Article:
As well as the huge progress that NGS systems bring to clinical management, there is also major growth in other diagnostic platforms and, surprisingly, a resurgence in technologies such as immunohistochemistry (IHC) and fluorescent in situ hybridisation (FISH). Recently, a new oncology drug used for treating non-small cell lung cancer was developed by Pfizer. This drug, crizotinib (Xalkori), which is a small-molecule kinase inhibitor, was approved by the FDA for the treatment of patients whose tumours possess a specific biomarker. This marker is a specific fusion involving the anaplastic lymphoma kinase (ALK) gene, and the only currently available assay which has been approved by the FDA is a FISH assay. Consequently, clinical management of these patients and the prescription of this drug is dependent on access to FISH technology within the reference laboratory – until alternative FDA approved molecular assays become available.


The increasing importance of the use of companion diagnostics in the clinic is now being recognised by the regulatory bodies in both Europe and the US. Recently, the FDA has issued draft guidance documents regarding the way it expects companion diagnostics to be developed and reviewed in parallel with new pharmaceuticals. Ideally, the expectation is that both the new diagnostic and the pharmaceutical products are reviewed simultaneously so that both can achieve regulatory approval at the same time. This means that the full set of analytical and clinical validation data for the new diagnostic must be generated in parallel with the clinical trials for the pharmaceutical itself. This has been exemplified recently with the licensing of Roche’s new melanoma drug, vemurafenib (Zelboraf ). This drug shows remarkable clinical efficacy against melanoma and was designed specifically to target those tumours possessing a mutation at position 600 (V600E) in the braf gene. Consequently, Roche has developed a new assay on their COBAS platform which analyses this specific mutation, and the data for this assay was submitted to and reviewed by the FDA in parallel with the data for the drug itself. The outcome of this is that melanoma patients in the US now have immediate access to a new effective licensed pharmaceutical as well as a fully validated, regulatory approved clinical diagnostic assay to ensure that the drug is used in the correct patient population.

This parallel approval of the drug and the diagnostic sets an interesting precedent for the industry. The onus is now placed squarely on pharmaceutical companies to ensure that appropriate biomarkers are identified, and to ensure that suitable diagnostic partners are secured to develop, manufacture and commercialise the appropriate assays in parallel with the pharmaceuticals. The melanoma example is, in some respects, atypical because the same company, Roche, has the capability to develop both the drug and the diagnostic within its own business.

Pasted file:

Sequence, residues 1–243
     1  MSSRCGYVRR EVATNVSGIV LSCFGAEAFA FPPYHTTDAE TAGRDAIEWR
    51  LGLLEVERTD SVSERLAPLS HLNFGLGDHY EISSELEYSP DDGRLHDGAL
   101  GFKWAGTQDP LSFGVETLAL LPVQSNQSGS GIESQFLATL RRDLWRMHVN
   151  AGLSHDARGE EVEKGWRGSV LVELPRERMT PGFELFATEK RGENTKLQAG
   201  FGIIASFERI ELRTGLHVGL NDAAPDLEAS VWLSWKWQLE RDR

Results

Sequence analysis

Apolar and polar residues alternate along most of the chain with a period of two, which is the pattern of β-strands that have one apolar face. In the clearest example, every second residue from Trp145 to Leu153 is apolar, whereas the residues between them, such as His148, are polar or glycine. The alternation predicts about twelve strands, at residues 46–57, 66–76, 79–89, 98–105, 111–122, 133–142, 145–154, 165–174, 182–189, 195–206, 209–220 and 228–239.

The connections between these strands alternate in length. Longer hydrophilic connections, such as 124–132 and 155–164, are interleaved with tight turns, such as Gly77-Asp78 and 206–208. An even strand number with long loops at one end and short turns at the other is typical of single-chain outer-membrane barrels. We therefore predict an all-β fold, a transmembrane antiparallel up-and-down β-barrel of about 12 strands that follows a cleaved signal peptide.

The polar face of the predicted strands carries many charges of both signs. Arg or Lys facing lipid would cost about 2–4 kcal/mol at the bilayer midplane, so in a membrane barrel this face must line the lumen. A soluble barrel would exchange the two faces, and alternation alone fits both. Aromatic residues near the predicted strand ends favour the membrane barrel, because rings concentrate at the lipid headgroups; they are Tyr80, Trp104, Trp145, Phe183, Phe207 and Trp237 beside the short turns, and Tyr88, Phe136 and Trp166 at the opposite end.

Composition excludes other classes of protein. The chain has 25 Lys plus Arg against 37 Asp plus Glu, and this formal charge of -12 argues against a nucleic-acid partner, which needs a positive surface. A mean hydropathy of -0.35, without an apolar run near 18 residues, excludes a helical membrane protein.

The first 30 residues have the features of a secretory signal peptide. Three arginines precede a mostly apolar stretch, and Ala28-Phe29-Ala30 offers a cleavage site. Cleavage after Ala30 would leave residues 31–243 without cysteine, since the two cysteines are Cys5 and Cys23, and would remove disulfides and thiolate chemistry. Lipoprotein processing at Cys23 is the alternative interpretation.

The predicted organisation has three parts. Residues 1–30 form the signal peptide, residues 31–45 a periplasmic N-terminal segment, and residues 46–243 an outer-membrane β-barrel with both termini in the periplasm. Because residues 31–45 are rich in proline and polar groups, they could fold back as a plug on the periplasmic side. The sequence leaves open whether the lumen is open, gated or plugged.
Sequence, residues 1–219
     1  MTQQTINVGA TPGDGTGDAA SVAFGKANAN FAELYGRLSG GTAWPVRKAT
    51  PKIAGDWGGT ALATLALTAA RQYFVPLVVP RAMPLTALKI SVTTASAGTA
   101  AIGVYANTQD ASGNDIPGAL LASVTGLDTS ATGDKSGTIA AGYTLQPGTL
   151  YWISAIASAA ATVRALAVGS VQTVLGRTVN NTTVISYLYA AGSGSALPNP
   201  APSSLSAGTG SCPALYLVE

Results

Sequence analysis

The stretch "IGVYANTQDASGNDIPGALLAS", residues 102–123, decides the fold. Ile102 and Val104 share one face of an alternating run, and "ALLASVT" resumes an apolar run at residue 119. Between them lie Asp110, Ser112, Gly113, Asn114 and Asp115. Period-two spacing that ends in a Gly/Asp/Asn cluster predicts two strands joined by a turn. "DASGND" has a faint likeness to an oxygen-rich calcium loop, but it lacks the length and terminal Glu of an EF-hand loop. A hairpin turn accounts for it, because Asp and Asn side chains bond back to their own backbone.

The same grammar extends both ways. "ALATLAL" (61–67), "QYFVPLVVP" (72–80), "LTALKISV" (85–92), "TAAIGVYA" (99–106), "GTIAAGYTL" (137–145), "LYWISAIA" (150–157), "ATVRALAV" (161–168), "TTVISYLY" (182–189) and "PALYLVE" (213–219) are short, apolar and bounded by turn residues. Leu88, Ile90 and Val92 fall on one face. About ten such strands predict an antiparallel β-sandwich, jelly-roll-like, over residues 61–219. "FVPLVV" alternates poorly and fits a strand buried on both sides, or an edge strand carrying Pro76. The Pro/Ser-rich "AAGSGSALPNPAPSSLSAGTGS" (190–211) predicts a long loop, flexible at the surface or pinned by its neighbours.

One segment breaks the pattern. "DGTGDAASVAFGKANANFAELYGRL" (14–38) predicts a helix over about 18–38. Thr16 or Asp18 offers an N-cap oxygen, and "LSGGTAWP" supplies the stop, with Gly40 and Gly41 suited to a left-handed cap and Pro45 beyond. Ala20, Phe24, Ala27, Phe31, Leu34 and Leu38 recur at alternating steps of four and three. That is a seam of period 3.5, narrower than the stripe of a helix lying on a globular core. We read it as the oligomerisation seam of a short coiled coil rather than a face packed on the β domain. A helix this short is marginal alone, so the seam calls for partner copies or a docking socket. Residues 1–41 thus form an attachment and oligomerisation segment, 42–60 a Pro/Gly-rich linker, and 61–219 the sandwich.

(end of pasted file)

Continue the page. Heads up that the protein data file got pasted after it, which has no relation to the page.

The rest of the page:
In many instances this may not be the case since most pharmaceutical companies do not have their own diagnostic arms. Therefore, a model is now emerging where diagnostic companies able to develop regulatory diagnostic assays as well as to provide them as a service for clinical trials are becoming increasingly important. Such ‘vertically integrated’ diagnostic companies have fully accredited service laboratories which are compliant with clinical trial requirements and which also have the full capability to develop, optimise, validate and manufacture the diagnostic, and to obtain regulatory approvals for global commercialisation. As relationships need to be developed between the pharmaceutical companies and their diagnostic partners, as well as between the clinical trials organisations and diagnostic partners, the use of vertically integrated, ‘do it all’ diagnostics partners makes sense. This can also facilitate the global validation of the new diagnostic assays on exactly the same samples that are used for the pharmaceutical development.

In an ideal world, the healthcare industry might expect that the majority of new drugs will be licensed with the availability of fully approved companion diagnostic assays. In reality, the identification of the relevant biomarkers may not be straightforward, and the appropriate biomarkers may only be identified in retrospective clinical trials. In such situations it is likely that new drugs will be licensed with the requirement for patient stratification, but the required diagnostic assay may not have completed the full FDA regulatory approval process. In that situation within the US, the potential to run laboratory-developed tests (LDT) within accredited CLIA laboratories will allow these markers to be assayed. Again, this could emphasise the value of the ‘vertically integrated’ companies able to develop the fully approved assays, support the Dx and Rx clinical trials, and offer LDT services through their CLIA laboratories while the diagnostic is undergoing regulatory review. Outside the US, the regulatory requirements for companion diagnostic assays and for the provision of accredited laboratory services differ from those in the US, but the availability of both is as important for drug launch and patient care as in the US.


The introduction of companion diagnostics and biomarkers into clinical practice is gathering rapid momentum in many clinical areas. As technology improves, the ability to measure and validate multiple biomarkers in parallel is becoming more feasible and allows more accurate and personalised management of disease. These developments are providing new challenges to the pharmaceutical, clinical trials and diagnostics industries and creating new models for the ways in which these bodies work together. Together with the changing emphasis and strategies from the regulatory authorities, there are likely to be wholesale changes in the ways that pharmaceuticals are developed and clinical trials conducted.

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Berwyn Clarke has been involved in the pharmaceutical industry for the past 28 years. Berwyn was Head of Hepatitis C Virus Therapeutics at GlaxoWellcome between 1990 and 2000 before moving into the molecular diagnostic industry with Virco UK. Following a series of M&A activities, Berwyn became Vice President for Research at Visible Genetics Inc (VGI), a pioneering company in the use of molecular diagnostics for viral and cancer disease management. In 2005, with VC investment he co-founded a UK-based diagnostic company, Lab21 Limited, where he is currently Chief Scientifi c Offi cer with responsibility for product development and clinical diagnostic services. Email:
Berwyn Clarke